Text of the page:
Beyond building training sets for machine-learning, crowdsourcing is being used to enhance the results of machine-learning models: in active learning, humans take care of uncertain cases, models handle the routine ones. Active Learning is one of those topics that many data scientists have heard of, few have tried, and a small handful know how to do well. As data problems increase in complexity, I think active learning is a topic that many more data scientists need to familiarize themselves with.
Next week I’ll be hosting a FREE webcast on Active Learning featuring data scientist and entrepreneur Lukas Biewald:
Machine learning research is often not applied to real world situations. Often the improvements are small and the increased complexity is high, so except in special situations, industry doesn’t take advantage of advances in the academic literature.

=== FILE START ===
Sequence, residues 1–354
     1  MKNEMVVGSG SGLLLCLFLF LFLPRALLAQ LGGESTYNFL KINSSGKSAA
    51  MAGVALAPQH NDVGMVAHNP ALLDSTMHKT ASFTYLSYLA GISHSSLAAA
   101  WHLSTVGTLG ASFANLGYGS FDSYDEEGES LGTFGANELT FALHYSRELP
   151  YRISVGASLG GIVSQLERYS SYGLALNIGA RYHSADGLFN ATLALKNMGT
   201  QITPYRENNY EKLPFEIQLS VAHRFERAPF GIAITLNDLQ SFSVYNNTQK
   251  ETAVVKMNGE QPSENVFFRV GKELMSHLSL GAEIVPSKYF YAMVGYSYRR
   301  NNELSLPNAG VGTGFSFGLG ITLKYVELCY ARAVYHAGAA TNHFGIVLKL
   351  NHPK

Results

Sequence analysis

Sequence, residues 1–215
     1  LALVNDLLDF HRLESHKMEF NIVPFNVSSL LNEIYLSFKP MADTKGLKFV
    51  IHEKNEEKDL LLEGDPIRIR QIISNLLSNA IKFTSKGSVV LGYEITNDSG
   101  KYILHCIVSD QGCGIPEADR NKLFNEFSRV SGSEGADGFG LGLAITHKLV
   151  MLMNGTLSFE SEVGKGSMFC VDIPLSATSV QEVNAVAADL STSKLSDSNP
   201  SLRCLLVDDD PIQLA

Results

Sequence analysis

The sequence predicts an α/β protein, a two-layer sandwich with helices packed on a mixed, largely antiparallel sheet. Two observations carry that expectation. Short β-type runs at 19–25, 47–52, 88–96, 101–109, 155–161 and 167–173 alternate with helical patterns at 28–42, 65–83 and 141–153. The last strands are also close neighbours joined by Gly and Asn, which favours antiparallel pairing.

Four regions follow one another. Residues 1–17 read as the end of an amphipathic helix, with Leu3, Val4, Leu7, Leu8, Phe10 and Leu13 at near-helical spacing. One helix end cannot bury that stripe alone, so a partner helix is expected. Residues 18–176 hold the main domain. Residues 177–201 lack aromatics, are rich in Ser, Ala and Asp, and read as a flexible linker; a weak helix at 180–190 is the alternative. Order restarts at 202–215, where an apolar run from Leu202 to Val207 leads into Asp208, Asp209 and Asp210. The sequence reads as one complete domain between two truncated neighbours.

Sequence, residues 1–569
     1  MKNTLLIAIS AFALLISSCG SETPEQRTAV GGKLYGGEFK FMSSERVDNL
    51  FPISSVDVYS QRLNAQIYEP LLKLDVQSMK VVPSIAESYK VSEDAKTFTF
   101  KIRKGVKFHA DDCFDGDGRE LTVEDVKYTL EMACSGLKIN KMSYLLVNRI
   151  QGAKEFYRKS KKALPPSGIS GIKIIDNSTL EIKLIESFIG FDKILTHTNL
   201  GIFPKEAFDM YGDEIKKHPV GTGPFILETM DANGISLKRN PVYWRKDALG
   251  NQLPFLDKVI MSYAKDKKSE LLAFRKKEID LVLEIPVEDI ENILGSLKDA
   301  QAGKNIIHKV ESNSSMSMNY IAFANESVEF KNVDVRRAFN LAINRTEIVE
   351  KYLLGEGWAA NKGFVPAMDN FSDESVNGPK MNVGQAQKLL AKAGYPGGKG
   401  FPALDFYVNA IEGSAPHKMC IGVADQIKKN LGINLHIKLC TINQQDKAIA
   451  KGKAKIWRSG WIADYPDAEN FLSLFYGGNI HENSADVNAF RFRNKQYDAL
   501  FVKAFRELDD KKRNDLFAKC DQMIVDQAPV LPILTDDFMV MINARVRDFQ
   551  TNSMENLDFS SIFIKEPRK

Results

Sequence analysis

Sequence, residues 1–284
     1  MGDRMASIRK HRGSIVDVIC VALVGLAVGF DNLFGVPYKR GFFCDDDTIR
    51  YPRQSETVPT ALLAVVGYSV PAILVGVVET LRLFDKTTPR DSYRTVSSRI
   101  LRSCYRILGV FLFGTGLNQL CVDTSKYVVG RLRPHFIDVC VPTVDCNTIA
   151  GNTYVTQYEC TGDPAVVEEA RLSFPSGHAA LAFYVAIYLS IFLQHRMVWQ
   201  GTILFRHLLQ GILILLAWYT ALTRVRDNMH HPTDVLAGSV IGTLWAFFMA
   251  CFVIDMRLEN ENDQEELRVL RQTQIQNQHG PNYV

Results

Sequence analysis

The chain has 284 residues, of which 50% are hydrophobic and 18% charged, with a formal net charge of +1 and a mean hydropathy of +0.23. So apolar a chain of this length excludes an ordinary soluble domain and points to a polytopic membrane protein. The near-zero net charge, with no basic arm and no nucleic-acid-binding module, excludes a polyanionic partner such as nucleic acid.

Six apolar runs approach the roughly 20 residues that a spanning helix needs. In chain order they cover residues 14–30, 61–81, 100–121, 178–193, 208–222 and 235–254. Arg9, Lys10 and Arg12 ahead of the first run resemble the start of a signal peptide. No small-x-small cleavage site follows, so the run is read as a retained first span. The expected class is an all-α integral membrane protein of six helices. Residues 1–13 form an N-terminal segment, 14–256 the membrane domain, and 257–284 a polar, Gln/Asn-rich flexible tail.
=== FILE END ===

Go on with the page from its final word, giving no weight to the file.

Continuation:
Active learning is an example where research proposes a simple strategy that makes a huge difference and almost everyone applying machine learning to real world use cases is doing it or should be doing it. Active learning is the practice of taking cases where the model has low confidence, getting them labeled, and then using those labels as input data.
Webcast attendees will learn simple, practical ways to improve their models by cleaning up and tweaking the distribution of their training data. They will also learn about best practices from real world cases where active learning and data selection took models that were completely unusable in production to extremely effective.